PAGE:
U.S. stocks were poised to open higher Tuesday after eurozone finance ministers agree to accelerate an initial bailout for ailing Spanish banks.
The Dow Jones industrial average, S&P 500 and Nasdaq futures moved higher Tuesday morning. Stock futures indicate the possible direction of the markets when they open at 9:30 a.m. ET.
Late Monday, eurozone finance ministers agreed that Spain would be offered an initial €30 billion by the end of the month to help bail out its troubled banks. The move is aimed at helping the eurozone's fourth-largest economy from needing a full bailout itself.
But worries remain, said Bob Phillips, co-founder of investment advisory firm Spectrum Management Group in Indianapolis.
"The fundamental issue is that Spain's spending more a year than they're taking in," Phillips said. "They can print money and buy time, but they keep spending money that can't be paid for."
Yields for the 10-year Spanish bond slid to 6.82% following the eurozone announcement. Yields have been recently bouncing above the 7% mark, which heightens bailout worries.
As ministers met in Brussels, the highest court in Germany -- the nation leading the push for austerity -- began hearings examining the impact of the new bailout fund on Germany's ability to manage how taxpayer funds are doled out.
"Ineffective policies by central banks and governments are perceived as the greatest barriers to growth right now," said Mark Helweg, president of financial software firm MicroQuant. "Most of their resources have already been spent."
More signs of a global economic deceleration came from China, which reported worsening year-over-year import growth early Tuesday. June came in at 6.3%, half of May's 12.7%, pointing to weak demand.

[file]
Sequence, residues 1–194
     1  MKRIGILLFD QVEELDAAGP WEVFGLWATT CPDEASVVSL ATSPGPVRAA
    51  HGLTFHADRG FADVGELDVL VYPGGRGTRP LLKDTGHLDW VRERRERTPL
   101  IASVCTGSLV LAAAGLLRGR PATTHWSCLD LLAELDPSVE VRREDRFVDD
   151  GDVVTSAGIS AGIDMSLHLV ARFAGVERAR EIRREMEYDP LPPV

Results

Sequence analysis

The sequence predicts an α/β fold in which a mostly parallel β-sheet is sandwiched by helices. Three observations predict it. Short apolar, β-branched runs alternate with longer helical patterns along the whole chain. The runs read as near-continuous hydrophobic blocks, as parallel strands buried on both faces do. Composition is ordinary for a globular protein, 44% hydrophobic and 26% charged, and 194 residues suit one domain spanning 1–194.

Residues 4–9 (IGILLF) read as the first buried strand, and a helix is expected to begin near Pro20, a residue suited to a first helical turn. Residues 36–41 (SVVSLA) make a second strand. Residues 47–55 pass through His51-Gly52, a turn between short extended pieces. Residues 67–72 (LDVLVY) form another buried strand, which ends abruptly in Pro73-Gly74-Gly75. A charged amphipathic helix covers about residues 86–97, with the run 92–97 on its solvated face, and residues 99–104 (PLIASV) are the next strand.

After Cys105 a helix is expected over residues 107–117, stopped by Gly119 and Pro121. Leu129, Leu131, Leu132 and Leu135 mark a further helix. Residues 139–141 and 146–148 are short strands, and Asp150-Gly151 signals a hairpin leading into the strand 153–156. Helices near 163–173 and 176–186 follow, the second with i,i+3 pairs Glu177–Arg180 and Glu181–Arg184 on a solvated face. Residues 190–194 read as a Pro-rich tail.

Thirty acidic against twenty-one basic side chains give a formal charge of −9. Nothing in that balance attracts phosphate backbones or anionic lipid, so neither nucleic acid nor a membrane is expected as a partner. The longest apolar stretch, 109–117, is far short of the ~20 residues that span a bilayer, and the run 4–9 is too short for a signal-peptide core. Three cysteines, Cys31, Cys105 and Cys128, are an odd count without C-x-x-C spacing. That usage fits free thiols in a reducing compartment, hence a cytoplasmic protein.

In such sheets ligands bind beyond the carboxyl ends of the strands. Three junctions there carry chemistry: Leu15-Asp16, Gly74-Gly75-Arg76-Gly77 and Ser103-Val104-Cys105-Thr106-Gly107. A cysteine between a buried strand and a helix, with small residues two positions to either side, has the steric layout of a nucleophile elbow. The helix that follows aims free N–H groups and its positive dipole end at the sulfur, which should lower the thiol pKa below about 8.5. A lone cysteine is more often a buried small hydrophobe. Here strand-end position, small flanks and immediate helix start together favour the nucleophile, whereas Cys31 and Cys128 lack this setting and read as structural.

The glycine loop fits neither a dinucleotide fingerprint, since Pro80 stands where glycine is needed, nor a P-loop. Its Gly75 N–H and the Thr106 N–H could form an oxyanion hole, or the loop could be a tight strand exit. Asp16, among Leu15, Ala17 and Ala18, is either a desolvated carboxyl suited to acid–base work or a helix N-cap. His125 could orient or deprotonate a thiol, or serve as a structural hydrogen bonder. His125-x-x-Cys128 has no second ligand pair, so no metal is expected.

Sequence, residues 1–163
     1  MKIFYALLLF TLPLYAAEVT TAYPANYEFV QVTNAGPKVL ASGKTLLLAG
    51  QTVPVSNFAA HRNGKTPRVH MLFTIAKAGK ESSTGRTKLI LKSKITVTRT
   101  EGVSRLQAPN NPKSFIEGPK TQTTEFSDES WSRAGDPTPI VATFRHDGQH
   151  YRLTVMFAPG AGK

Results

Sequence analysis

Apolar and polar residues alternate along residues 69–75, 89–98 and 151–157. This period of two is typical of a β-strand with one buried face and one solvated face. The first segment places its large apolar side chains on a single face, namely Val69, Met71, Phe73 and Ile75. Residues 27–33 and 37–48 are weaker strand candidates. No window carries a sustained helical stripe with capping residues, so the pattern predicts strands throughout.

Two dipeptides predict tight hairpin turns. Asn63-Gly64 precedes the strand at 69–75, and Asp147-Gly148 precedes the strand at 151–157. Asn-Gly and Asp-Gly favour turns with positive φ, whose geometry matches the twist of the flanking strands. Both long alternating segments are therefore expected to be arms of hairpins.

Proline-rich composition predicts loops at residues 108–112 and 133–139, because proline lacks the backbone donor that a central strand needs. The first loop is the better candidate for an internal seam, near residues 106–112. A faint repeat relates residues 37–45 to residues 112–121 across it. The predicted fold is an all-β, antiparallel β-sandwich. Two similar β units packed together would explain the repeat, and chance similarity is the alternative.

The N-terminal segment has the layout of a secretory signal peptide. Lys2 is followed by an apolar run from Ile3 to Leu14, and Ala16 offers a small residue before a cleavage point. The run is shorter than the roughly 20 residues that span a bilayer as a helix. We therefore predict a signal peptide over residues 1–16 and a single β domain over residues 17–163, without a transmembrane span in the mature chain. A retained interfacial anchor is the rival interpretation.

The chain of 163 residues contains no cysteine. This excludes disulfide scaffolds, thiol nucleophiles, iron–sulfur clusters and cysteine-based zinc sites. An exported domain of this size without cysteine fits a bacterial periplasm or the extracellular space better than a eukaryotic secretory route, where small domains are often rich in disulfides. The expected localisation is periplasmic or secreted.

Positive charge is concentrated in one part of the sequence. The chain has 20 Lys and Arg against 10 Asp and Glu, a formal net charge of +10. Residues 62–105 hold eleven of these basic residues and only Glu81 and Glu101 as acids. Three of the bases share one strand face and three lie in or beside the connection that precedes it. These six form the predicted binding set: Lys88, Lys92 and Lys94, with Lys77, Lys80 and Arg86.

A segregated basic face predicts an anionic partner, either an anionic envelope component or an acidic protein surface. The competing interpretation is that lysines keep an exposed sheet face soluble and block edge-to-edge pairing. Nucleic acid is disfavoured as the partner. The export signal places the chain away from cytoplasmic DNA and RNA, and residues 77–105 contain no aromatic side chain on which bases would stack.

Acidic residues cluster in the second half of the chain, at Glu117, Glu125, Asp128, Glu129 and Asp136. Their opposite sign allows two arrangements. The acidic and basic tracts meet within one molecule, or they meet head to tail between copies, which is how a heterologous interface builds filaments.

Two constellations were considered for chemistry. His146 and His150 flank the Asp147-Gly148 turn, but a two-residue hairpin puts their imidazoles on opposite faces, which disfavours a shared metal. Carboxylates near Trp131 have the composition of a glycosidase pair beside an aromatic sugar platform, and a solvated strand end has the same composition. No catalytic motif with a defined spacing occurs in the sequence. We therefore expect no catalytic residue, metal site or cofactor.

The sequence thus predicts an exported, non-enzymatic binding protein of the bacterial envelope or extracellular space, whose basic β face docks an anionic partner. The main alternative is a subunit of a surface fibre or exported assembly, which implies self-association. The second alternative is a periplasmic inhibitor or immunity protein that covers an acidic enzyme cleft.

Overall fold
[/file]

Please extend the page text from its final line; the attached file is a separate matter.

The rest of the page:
U.S. stocks ended lower Monday, as investors remained wary ahead of quarterly corporate results.
Aluminum producer Alcoa marked the unofficial beginning of second-quarter earnings season Monday, when it released results after the bell that were roughly in line with analysts expectations.
Results are due later in the week from banking giants JPMorgan and Wells Fargo.
Overall, analysts are expecting underwhelming corporate results, with earnings dropping off compared to the first quarter.
World markets: European stocks were higher in morning trading. Britain's FTSE 100 added 1%, the DAX in Germany gained 1.5% and France's CAC 40 rose 1.2%.
Asian markets closed lower. The Shanghai Composite fell 0.3%, the Hang Seng in Hong Kong shed 0.2% and Japan's Nikkei lost 0.4%.
Companies: Shares of Barclays rose more than 1% in premarket trading, after the the British bank reached a deal with outgoing CEO Bob Diamond, who quit as the bank faced criticism for its role in the Libor scandal. Although Diamond continues to receive salary and some benefits for a year or so, he declined his deferred bonus worth up to £20 million ($31 million).
Shares of microprocessor manufacturer Advanced Micro Devices plummeted more than 9% after the company warned late Monday that it expects second quarter revenue will drop 11% from the previous quarter because of weaker sales in China and Europe.
Troubled BlackBerry-maker Research In Motion holds its annual shareholder meeting on Tuesday. Late last month, the company announced 5,000 layoffs, a giant quarterly loss and another delay to its next BlackBerry operating system.
Economy: Investors will get a broad look at the global economy with the Organization for Economic Cooperation and Development's Employment Outlook 2012 report. The publication includes data on average wages, unemployment rates, hours and job growth for various countries.
Currencies and commodities: The dollar fell against the euro, British pound and Japanese yen.
Oil for August delivery fell 36 cents to $85.63 a barrel.
Gold futures for August delivery rose $7.20 to 1,596.30 an ounce.
Bonds: The price on the benchmark 10-year U.S. Treasury fell, pushing the yield up to 1.53% from 1.51% late Monday.